One of my courses this semester at NYU is one on Science Fiction. In this particular class we had read and were discussing Philip K. Dick’s Do Androids Dream of Electric Sheep? One of us commented about how Rachael pushing the goat off the building reminded him of that scene in Anchorman where Baxter gets punted off the bridge.
The discussion continued, and someone mentioned that in Anchorman, Baxter gets punted off the bridge because Ron throws a burrito at a biker; so what was the proverbial burrito thrown that made Rachael defenestrate that goat? Not just what was her motivation, but what interaction with Deckard pissed her off enough (if she indeed was pissed off)? Our homework was to begin work on our short stories, getting to the point where we throw this proverbial burrito.
So what exactly is throwing the burrito? It’s a catalyst for a sequence of events. Not necessarily the catalyst, but one nonetheless.
Like when Pippin knocks over the bucket in Moria in The Fellowship of the Ring. Because of that we get the chase through the mines and Gandalf’s duel with the Balrog. Sending the bucket clamoring down the well sets up the entire act.
A good story will often have many burritos being thrown around. Take Metal Gear Solid. The initial burrito is when Snake gets involuntarily reinstated to neutralize the terrorist threat at Shadow Moses. He gets another burrito thrown at him when he realizes that there is a nuclear-capable Metal Gear that the terrorists intend to use. Oh, and the terrorists are ex-special forces. And Snake’s old friend is now a cyborg ninja. And the villain’s his brother. And Snake’s got a virus in him.
You don’t get all these reveals at once: it takes several hours of gameplay. Each burrito is progressively thrown at the player in a way that rather than being overwhelmed, we find ourselves being drawn further and further in to the story. Metal Gear Solid steadily throws burritos at you, each one setting up another conflict or another reveal. We need these burritos to keep us invested. And it works: Metal Gear Solid is a fantastically paced/structured story that you can’t stop playing. Even when it’s 1am and you have work in the morning.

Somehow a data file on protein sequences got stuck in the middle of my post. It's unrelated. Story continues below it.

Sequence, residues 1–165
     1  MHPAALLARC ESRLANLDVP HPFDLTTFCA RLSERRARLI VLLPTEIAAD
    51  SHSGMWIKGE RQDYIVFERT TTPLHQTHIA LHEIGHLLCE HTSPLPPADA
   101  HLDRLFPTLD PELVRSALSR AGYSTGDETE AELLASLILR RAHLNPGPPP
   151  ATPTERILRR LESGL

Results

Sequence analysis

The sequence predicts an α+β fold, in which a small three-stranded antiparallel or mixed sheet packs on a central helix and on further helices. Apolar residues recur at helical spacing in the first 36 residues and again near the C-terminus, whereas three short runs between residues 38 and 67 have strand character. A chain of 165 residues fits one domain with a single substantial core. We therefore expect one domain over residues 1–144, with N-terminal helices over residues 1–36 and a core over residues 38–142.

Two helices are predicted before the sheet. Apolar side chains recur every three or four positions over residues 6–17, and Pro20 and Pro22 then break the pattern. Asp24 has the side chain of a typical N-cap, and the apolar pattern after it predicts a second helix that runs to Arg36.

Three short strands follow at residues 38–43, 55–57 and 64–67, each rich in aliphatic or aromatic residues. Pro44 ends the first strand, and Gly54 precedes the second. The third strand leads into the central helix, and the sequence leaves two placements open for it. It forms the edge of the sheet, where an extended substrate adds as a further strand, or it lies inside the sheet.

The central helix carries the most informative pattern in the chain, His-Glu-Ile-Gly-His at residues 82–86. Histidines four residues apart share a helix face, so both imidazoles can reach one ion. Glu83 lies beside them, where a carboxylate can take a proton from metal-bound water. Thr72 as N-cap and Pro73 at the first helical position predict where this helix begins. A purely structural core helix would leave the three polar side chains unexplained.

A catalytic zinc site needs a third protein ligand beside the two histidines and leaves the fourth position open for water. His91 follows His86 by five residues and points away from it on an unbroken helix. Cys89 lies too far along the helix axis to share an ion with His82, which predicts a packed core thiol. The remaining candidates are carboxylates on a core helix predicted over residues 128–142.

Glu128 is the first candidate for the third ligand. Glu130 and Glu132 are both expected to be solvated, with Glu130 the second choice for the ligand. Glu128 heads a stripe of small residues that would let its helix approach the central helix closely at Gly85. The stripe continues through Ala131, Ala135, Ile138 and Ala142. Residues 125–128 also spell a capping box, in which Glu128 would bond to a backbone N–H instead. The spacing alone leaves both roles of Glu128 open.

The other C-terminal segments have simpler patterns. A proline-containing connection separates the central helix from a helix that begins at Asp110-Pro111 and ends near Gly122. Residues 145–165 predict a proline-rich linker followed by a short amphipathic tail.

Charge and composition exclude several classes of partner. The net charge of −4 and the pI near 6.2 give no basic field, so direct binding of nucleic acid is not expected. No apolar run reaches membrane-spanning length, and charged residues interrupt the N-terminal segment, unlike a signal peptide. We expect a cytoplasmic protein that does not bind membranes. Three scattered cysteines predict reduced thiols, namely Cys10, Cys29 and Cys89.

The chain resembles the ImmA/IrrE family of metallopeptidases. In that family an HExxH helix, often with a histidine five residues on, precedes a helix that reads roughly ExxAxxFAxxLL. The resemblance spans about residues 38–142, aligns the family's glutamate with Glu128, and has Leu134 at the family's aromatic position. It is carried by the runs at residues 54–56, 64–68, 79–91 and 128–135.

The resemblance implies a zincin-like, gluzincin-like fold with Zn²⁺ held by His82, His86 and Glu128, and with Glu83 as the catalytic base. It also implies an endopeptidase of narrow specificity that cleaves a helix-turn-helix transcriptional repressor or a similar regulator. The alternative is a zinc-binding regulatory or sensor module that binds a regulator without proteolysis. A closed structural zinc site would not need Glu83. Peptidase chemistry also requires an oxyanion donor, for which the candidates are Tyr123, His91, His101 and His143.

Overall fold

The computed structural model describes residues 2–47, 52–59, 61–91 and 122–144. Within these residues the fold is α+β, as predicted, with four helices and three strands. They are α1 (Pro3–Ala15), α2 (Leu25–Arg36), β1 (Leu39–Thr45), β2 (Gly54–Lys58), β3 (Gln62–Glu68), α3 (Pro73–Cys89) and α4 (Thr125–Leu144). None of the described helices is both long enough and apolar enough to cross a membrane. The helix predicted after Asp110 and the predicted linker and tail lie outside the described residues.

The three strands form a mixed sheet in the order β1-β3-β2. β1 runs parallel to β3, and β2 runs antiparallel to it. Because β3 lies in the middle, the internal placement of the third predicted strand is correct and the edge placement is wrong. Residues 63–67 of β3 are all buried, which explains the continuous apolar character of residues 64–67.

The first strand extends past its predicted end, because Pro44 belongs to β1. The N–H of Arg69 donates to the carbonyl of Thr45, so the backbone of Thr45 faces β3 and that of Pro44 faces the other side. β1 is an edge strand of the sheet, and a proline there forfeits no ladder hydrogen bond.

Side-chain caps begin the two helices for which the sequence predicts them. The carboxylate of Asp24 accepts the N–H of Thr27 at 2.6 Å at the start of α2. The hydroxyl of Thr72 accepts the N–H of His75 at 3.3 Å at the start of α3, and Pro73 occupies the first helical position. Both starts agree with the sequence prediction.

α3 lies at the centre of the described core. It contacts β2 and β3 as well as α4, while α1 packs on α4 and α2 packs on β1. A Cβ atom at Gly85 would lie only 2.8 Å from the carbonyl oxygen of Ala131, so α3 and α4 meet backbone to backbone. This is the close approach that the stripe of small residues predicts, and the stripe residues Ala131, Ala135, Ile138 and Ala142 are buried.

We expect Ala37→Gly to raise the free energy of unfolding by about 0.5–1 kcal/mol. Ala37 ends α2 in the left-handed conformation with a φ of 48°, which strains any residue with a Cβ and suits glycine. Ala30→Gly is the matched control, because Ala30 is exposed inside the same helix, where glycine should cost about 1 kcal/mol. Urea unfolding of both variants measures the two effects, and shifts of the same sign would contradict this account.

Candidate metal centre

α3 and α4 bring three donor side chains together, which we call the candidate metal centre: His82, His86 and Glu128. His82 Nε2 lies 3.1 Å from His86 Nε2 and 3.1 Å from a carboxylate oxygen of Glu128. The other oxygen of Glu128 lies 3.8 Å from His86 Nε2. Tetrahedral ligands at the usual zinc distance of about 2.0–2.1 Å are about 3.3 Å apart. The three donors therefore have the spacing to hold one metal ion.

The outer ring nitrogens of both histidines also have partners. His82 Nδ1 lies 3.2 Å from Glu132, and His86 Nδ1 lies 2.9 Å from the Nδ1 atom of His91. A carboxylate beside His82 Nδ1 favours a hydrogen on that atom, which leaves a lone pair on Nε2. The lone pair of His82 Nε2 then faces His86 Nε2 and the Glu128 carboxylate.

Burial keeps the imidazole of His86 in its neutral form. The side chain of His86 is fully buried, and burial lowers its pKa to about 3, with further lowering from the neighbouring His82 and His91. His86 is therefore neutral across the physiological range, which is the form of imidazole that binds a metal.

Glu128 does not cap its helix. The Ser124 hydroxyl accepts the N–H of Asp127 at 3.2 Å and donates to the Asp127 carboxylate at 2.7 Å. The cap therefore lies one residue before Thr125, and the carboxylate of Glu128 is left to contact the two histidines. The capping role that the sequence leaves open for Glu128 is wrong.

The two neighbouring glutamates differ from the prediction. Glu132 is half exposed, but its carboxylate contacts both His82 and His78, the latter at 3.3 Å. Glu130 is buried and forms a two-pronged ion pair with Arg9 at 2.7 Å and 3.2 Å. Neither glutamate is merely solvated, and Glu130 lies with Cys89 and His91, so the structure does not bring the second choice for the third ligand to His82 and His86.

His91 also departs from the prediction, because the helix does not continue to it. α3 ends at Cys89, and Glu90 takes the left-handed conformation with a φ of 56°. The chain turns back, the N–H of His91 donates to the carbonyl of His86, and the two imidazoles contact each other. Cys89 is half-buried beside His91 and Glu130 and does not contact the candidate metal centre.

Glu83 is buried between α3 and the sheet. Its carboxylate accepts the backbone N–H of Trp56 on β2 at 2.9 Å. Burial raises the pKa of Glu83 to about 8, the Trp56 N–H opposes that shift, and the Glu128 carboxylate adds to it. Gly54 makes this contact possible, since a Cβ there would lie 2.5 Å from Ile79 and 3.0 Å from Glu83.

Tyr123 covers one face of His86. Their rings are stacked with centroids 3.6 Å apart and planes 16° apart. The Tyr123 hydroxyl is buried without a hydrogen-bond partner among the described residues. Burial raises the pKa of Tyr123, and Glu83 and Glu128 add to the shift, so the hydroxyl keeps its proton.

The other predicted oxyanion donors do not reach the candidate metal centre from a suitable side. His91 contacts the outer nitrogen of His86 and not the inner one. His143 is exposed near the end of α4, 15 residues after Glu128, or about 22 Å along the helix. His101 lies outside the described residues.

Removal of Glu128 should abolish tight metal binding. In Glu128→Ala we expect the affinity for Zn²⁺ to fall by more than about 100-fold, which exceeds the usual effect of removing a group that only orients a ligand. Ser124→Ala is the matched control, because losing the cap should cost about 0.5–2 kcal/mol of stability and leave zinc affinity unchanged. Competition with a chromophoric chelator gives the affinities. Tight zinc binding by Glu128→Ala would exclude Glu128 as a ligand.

But there’s a point where there are just too many burritos flying around. The third Pirates of the Caribbean movie, At World’s End, has a lot of burritos flying around. We have three, maybe four protagonists each with their own crazy gambits. Barbossa double crosses Jack to get the Pearl back because Jack figured the pirate king should be Elizabeth who double crossed Sao Feng (only she didn’t mean to) who double crossed Will who in turn double crossed Jack. Sort of. It seems like every few minutes we get another burrito thrown at us inspiring yet another sequence of events. And some of these burritos hardly add anything to the plot. It winds up hectic and it’s terribly easy to get lost in the chaos.
Alternately you could get lost in the fun which still yields a plenty enjoyable movie, so, y’know, there’s that.
Sometimes, the best stories have almost no burritos.Lost In Translation is a beautiful movie that progresses slowly and steadily. The burritos were thrown before hand (Bob took an advertising gig, Charlotte followed her husband to Tokyo). The whole thing’s been set in motion; there’re no big reveals or twists, no accelerations. We’re just watching life happen.
Call it pacing or structure; it’s vital. Don’t throw enough burritos and the audience starts checking their watches. Throw too many burritos and you lose the audience. The story just has to have the right serving size.
Or you could always just eat that burrito.
Also: buy my book In Transit!